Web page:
Oil climbs despite Saudi output pledge
World oil prices advanced on Tuesday despite OPEC kingpin Saudi Arabia's pledge to ensure sufficient supplies to cover Libya's production shortfall.
Brent North Sea crude for delivery in April rose 67 cents to $112.47 per barrel.
New York's light sweet crude for April, known as West Texas Intermediate (WTI), gained 35 cents to $97.32.
Fears about supply disruption due to a wave of unrest in Libya and other countries in the oil-rich Middle East sent Brent soaring close to $120 last week.
Saudi Arabia, OPEC's largest producer, said on Monday it was committed to the stability of the oil market after Libya's crude production dropped due to the unrest there.
The Saudi government said the cabinet had met and discussed the protests shaking Libya "and their repercussion on oil production in that country."
Saudi Arabia "is committed to the stability of the market" and to ensuring that oil supplies remain available, a statement said, adding that the kingdom hoped Libya's production returns to normal soon.
But Chen Xin Yi, commodities analyst for Barclays Capital, said: "While news that Saudi Arabia is increasing its crude output to more than nine million barrels per day ... helped ease concerns about short term supply, the crude oil produced is not an exact substitute for Libyan's crude."
Libya produces a light, sweet crude highly prized by the market.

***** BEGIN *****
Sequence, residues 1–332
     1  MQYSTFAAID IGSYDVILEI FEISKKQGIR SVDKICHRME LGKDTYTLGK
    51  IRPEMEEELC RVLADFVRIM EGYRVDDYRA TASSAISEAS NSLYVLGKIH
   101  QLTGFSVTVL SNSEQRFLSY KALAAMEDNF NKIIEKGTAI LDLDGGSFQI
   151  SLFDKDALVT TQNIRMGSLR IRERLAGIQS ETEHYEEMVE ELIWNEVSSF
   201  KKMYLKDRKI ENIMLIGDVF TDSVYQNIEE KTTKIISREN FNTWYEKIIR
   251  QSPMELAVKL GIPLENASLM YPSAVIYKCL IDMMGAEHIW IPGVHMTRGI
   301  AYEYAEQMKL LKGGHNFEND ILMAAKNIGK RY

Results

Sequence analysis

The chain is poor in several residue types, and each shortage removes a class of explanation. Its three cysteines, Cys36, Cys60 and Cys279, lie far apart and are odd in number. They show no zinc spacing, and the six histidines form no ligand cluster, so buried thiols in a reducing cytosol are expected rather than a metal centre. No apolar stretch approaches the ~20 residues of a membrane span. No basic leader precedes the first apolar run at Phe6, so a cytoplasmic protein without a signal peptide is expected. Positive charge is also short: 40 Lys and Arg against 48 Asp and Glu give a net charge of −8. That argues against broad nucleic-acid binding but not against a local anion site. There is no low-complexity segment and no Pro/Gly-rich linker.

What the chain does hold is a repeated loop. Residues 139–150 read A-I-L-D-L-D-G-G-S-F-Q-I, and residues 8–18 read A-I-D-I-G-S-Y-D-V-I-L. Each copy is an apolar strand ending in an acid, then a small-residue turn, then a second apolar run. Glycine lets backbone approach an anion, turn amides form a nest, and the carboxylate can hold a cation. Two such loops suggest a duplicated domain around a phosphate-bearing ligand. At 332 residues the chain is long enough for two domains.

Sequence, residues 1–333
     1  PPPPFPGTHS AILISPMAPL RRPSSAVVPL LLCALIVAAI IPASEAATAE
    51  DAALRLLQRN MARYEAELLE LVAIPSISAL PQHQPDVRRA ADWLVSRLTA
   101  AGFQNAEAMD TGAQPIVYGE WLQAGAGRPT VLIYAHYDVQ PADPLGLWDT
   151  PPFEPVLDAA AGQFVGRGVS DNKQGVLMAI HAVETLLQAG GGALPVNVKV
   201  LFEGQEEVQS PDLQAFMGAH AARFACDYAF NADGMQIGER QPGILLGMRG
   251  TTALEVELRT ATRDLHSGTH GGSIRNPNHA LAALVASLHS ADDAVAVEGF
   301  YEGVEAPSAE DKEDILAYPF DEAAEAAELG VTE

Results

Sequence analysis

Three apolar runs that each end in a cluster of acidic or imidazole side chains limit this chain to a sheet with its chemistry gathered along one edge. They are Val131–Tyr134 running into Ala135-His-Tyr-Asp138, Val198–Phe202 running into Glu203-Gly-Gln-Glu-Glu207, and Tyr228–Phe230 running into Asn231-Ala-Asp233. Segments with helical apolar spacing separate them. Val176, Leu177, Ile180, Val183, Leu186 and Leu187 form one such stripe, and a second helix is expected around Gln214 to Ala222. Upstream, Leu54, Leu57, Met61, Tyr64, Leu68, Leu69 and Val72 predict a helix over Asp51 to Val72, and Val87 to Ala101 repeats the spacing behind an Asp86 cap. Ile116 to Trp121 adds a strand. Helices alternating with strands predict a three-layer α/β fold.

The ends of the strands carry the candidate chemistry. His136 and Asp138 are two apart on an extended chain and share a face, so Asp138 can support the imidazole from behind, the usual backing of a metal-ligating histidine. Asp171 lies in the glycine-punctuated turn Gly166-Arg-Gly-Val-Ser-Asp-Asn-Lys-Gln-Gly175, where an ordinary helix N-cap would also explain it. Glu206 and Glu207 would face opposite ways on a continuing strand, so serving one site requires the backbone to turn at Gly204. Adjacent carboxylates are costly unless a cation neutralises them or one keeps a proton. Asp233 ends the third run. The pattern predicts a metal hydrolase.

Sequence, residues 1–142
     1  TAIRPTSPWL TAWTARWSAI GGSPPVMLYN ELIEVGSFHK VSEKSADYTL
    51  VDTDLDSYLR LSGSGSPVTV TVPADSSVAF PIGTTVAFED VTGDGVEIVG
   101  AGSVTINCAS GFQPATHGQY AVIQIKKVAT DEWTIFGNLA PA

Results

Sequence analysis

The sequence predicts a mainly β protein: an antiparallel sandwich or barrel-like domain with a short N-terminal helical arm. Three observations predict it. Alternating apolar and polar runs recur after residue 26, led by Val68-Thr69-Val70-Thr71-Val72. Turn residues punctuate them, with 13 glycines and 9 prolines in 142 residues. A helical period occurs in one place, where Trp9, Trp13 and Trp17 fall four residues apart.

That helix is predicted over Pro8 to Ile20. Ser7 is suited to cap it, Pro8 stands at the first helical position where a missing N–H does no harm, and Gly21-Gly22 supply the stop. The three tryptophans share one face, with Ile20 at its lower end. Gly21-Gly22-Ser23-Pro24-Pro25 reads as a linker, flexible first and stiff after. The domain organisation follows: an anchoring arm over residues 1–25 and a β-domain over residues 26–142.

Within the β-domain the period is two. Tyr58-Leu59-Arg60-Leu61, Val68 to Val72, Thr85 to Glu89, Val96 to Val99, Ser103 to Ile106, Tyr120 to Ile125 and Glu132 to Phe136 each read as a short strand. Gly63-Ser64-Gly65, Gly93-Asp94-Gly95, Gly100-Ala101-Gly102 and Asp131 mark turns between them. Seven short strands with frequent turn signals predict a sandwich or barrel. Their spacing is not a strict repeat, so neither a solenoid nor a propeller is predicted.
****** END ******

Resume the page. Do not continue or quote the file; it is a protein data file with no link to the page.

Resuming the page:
Libya's opposition forces, in control of the country's major oil installations, said Monday they were resuming oil exports with the expected departure of a tanker for China.
It will be the first cargo of crude to sail from Libya since February 19, after security forces began a crackdown on anti-regime protesters in the east.
On February 22, Saudi Oil Minister Ali al-Naimi said Riyadh would compensate for any oil supply problems caused by unrest in the Middle East, but added there was no current shortage.
Saudi Arabia pumps around 8.4 million barrels of oil per day but Naimi said the kingdom still had spare capacity of another four million.
Sucden analyst Myrto Sokou told AFP that traders were still concerned about the potential for further unrest in the Middle East.
"The tensions across the Middle East and North Africa have fairly eased, as oil market participants have digested the news about serious oil supply disruptions in Libya that drove crude oil prices above $100," said Sokou.
"Saudi Arabia's move to increase oil production definitely provided further support to the oil market.
"However, all eyes remain on (the region) ... regarding potential escalating tensions across the Middle East, and more specifically Saudi Arabia, that could drive crude oil prices even higher -- towards $150 per barrel."
© 2011 AFP